Upon reading the text, Deepa Iyer, leader of our newly inaugurated Research Team, and Olivia Chapman—Director of the Entrepreneurship Project—agreed that the study on youth unemployment in Sub-Saharan Africa contained important lessons for both our areas of work within the organisation. Reviewing was not simply an exercise, like proof-reading a peer’s essay, but in fact a valuable and collaborative exchange of knowledge. As we worked to produce the joint review we noted with great interest the similarities and differences within our individual critiques. Though we were equally impressed by and critical of many features on a broader scale, we had each approached the piece with a lens unique to the needs of our CDI teams.

For example, the research team at CDI spends a lot of its time and effort exploring specific policy questions that have come out of previous experiences of project implementation. On the one hand, we have the type of research that is effectively filling the ‘knowledge gap’ of a policy that is already designed for specific requirements. On the other, we are also faced with the task of rethinking the question and confronting it from a different perspective altogether. This paper that we reviewed gave us precisely the second kind of appraisal, by looking at the employment question for the youth afresh. A novelty in methodology that we found remarkable was the use of typology, a method usually used in biology and linguistics to categorize known information into related ‘types’. We found that the authors used typology as a method to organize known interventions in youth unemployment into well-defined categories and bring out underlying relationship among different types of interventions.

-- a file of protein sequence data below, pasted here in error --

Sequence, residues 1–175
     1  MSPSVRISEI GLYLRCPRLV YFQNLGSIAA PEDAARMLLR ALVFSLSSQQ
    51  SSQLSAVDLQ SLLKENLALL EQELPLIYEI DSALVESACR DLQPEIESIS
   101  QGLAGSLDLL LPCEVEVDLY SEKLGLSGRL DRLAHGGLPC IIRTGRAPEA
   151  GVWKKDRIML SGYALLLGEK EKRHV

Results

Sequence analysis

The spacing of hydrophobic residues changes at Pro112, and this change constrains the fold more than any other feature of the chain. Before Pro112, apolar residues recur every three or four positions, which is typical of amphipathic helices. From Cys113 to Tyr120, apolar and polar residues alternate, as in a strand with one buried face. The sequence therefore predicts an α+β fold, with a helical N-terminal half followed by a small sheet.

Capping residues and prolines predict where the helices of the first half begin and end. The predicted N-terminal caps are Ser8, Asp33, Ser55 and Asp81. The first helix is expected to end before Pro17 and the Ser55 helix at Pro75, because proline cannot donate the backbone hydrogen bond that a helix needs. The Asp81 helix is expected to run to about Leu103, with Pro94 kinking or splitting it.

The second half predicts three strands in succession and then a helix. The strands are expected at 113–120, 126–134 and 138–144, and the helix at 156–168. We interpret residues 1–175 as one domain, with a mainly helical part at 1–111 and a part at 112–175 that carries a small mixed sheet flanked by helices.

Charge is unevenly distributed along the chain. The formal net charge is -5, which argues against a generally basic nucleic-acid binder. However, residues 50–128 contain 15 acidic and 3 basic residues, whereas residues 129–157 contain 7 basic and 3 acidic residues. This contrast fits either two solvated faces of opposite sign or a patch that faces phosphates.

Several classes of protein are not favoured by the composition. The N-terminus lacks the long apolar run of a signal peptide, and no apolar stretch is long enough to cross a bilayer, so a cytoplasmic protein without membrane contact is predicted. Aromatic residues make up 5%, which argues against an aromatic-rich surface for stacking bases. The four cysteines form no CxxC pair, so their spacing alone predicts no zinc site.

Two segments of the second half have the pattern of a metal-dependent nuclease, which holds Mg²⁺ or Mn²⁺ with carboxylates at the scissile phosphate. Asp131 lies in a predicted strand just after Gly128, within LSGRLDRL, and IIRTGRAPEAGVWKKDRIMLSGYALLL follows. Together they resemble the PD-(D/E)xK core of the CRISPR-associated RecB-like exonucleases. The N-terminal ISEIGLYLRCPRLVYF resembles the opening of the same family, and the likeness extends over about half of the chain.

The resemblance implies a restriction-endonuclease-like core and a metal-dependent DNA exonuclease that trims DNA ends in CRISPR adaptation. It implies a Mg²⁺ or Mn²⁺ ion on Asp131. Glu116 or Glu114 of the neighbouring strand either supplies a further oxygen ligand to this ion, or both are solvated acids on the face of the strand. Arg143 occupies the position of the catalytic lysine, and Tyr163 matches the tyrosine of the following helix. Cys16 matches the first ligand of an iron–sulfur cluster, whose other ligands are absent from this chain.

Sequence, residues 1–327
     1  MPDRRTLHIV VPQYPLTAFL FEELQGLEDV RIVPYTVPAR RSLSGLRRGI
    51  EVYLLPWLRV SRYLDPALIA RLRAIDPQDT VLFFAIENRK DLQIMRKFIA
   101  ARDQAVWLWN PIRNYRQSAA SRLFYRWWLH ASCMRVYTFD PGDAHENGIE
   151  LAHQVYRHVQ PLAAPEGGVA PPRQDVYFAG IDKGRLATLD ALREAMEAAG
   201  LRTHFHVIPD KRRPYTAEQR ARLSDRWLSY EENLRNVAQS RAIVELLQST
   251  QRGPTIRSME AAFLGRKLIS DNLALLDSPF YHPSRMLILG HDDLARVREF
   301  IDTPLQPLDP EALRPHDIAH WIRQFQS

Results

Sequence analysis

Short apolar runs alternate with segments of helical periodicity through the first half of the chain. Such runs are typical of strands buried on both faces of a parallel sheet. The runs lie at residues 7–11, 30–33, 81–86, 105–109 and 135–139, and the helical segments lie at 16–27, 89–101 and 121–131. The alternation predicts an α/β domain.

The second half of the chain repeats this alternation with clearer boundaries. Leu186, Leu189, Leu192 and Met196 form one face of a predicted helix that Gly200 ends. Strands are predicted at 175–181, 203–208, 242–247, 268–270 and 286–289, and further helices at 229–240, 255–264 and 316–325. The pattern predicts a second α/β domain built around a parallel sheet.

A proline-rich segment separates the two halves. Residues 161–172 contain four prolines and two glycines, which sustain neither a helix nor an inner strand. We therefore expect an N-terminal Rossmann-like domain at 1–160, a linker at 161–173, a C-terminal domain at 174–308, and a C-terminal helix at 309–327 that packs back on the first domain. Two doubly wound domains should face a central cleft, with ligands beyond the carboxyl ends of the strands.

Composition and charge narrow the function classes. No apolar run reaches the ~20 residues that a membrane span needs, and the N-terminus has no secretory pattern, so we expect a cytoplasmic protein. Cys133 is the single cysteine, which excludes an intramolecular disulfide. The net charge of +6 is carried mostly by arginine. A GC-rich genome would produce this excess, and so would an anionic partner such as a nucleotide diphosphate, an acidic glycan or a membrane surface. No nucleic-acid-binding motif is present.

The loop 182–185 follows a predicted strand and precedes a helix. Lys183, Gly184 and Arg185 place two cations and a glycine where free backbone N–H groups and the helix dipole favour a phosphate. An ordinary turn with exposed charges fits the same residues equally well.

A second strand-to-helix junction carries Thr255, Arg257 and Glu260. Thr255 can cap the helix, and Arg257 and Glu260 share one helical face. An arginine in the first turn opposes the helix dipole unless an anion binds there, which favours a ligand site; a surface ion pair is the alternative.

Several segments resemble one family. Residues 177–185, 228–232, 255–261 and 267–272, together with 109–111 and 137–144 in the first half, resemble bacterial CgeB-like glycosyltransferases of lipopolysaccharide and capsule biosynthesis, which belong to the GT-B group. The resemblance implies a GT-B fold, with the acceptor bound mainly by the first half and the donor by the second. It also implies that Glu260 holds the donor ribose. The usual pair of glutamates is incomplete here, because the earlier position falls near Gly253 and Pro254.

While Deepa was primarily interested in the study’s methodology and its potential strategic applications for her team, Olivia’s role as Entrepreneurship Project Director led her to focus on the practitioner side of the equation. The Entrepreneurship Project originated with the idea of introducing a new approach to combatting youth unemployment in Tanzania: supporting university students and recent graduates in the ideation and growth of their own start-up enterprises. As we are this year handing off the previous project to local implementers, the entrepreneurship team now faces the challenge of developing and piloting a completely new initiative. The structural approach used by the article allowed for an extremely thorough review of the work being done in youth unemployment in the region. Thus, we could observe what projects had been implemented, on what scale, and targeting which demographics. In addition, the theories and past experiences informing the justification for each program design were clearly outlined. Instead of pouring over countless individual descriptions, reports and critiques of work done by the sector in the region over time, the development of various approaches and quickly evaluate their applicability to the CDI model could be traced.